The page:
As the High Holidays approach, preparations around Livingston’s Temple B’nai Abraham (TBA) are humming more than usual, thanks to a pair of active beehives producing honey, jars of which will be given as a welcome gift to new members on Rosh HaShanah.
The hives are a product of Rabbi Emeritus Clifford Kulwin’s desire to help the area’s environment, Boy Scout Casey Dutch’s efforts to complete his Eagle Scout project, and the synagogue’s plan to establish a unique way to welcome new members and congratulate its b’nei mitzvah.
TBA has seven acres of undeveloped land, accessible only on foot, behind its complex. Kulwin, who retired June 30 after serving as the congregation’s senior rabbi for 20 years, wondered if the tract could be used to benefit the area’s ecosystem.
“There were deer on the land, and plenty of invasive plants,” said Kulwin, a resident of Montclair who worked with the World Union of Progressive Judaism and served a Reform pulpit in Rio de Janeiro prior to his stint at TBA, a non-denominational congregation. “I wanted to see if and how we could put it to work helping the environment around us.”
So, last fall, Kulwin, 62, gathered a group of synagogue members and two environmental experts to walk the vast temple property and consider ways they could make a positive impact. Several suggestions on land management were offered, and the consensus was ultimately to establish the beehives.
“We talked about installing a deer fence and removing invasive plants as well,” the rabbi told NJJN. “The bees, however, are the first step. They are excellent pollinators, helping the indigenous plants in our area, and produce the marvelous product of honey to use to sweeten life.”
Kulwin, himself an Eagle Scout, solicited the help of beekeeper Mike Banker, of Eco Bee Supply in Morristown, who installed two hives of honeybees deep in TBA’s woods this past May.
“We found a good spot, and then had to do some clearing,” said Banker. “Hives are a community unto themselves. There is a queen who lives for about five years and lays thousands of eggs, and female workers and male drones that each live a few months. Every bee has an assigned role.”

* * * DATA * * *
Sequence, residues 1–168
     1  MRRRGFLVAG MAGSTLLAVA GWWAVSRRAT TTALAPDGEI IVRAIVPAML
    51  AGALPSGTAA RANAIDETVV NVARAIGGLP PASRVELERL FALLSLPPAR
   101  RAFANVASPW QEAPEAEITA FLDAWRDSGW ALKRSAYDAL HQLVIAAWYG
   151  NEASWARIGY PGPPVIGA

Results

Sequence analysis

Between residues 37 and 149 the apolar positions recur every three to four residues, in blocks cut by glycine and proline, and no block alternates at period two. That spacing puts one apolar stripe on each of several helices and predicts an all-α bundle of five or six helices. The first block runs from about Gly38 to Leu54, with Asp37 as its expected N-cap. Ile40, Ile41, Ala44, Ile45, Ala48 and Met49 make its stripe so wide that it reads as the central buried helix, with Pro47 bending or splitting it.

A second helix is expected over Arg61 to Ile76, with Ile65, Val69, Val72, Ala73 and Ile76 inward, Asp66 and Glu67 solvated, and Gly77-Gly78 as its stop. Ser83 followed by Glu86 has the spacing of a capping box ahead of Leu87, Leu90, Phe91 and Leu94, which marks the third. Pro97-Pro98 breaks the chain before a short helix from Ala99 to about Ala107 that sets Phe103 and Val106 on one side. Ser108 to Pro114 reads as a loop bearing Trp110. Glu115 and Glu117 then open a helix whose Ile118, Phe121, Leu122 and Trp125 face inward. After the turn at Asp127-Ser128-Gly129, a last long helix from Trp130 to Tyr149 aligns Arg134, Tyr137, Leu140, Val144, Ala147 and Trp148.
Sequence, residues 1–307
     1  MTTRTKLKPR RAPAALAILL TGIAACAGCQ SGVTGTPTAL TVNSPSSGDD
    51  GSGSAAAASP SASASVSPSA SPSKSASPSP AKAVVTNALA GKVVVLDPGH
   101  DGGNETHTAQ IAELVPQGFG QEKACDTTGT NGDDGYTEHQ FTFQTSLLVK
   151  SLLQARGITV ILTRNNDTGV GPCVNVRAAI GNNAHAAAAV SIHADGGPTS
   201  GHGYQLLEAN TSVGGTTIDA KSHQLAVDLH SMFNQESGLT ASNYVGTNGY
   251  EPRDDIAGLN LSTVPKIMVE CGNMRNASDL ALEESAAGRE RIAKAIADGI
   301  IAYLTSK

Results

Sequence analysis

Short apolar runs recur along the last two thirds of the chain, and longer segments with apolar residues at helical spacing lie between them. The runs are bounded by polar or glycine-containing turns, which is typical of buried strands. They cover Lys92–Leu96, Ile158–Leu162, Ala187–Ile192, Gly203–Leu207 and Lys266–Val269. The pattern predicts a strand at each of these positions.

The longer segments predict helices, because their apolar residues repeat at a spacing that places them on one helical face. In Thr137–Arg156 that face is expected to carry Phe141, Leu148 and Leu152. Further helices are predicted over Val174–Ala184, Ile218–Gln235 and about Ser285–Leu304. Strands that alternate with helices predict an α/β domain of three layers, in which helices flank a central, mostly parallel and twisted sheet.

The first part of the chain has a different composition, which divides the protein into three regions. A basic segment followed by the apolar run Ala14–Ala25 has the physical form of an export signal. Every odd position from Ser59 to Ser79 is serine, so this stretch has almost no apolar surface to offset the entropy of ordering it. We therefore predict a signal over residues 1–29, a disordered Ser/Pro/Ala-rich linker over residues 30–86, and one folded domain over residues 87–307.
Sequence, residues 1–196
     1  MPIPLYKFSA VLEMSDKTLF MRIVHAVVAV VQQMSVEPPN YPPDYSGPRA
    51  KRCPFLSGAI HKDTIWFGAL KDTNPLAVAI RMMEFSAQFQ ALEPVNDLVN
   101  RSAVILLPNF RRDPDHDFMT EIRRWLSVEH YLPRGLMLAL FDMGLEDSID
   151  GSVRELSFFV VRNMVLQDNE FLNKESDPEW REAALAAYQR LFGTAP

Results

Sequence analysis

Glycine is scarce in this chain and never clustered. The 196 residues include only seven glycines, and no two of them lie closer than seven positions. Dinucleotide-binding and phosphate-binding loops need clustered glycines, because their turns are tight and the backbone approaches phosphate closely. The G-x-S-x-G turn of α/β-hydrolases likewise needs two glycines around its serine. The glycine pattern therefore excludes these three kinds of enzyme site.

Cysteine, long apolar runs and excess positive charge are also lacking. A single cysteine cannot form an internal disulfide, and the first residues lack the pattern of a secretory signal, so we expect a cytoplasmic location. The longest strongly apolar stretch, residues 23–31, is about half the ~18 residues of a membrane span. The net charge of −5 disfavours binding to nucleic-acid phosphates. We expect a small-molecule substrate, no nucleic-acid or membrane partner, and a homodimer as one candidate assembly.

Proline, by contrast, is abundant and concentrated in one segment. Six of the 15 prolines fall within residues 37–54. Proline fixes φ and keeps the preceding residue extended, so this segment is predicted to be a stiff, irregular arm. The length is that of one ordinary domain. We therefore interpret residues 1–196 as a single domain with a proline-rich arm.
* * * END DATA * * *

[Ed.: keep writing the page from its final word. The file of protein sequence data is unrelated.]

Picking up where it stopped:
During the summer, a healthy hive can have as many as 60,000-80,000 bees, Banker said, which produce between 80-100 pounds of honey for both the hives’ and human consumption.
“The queen can lay up to 2,500 eggs a day in the summer, when the hive is really busy,” he said. “This drops off in the winter, when the hive only has 10-11,000 bees and is surviving on the honey it previously produced.”
In the first couple of months on the TBA property, the two hives combined to produce more than 30 pounds of honey.
Banker explained the environmental value of the hives.
“For some reason, the world population of bees has really fallen greatly over the last decade,” he said. “We have to keep track of this, as bees are nature’s essential pollinators, playing a major role in the quality and quantity of agricultural harvests. They can fly [at 15 mph] for a few miles each day when pollinating thousands of flowers and other plants.”
Will the hives’ presence on the land be dangerous, or even bothersome, to congregants or their guests?
“People won’t even notice them,” Banker said. “And even if a few flew near the parking lots, honeybees are docile. They only attack when attacked.”
Casey, 17, a member of both the synagogue and Troop 15 in Short Hills, was particularly invested in hives, which is his chosen Eagle Scout Project to complete the requirements for the Boy Scouts of America’s (BSA) highest rank. The goal of his project, as stated by the BSA, is “to give the Scout an opportunity to ‘plan, develop, and give leadership to others.’”
The Millburn High senior is taking the opportunity to learn all he can about the bees, management of the hives, and their effect on the environment, fulfilling the BSA requirements of planning, development, and leadership.
Casey’s personal goal was to do a project that “brings people together.” He was involved in months of planning possible sites where the hives could be placed and, with Banker, the physical installation of the hives. His leadership role involved bringing Kulwin, parents, members of his troop, and others together to benefit both the environment and TBA families. He will present a detailed report next month to the Court of Honor, the scout body which decides who qualifies for advancement in rank. If it accepts Casey’s report, he will qualify for the rank of Eagle Scout.
“What I have really enjoyed about my project is the bees will help the environment and many congregants will receive the honey they produce for many years,” said Casey. “I feel I worked with a group that achieved a goal none of us could have achieved alone.”
Meanwhile, the sweet taste of honey will endure.
“Hopefully, we’ll soon be able to make jars of ‘TBA Honey’ a regular benefit for all our members,” said Senior Rabbi David Z. Vaisberg.
Overall, it’s a pretty sweet deal.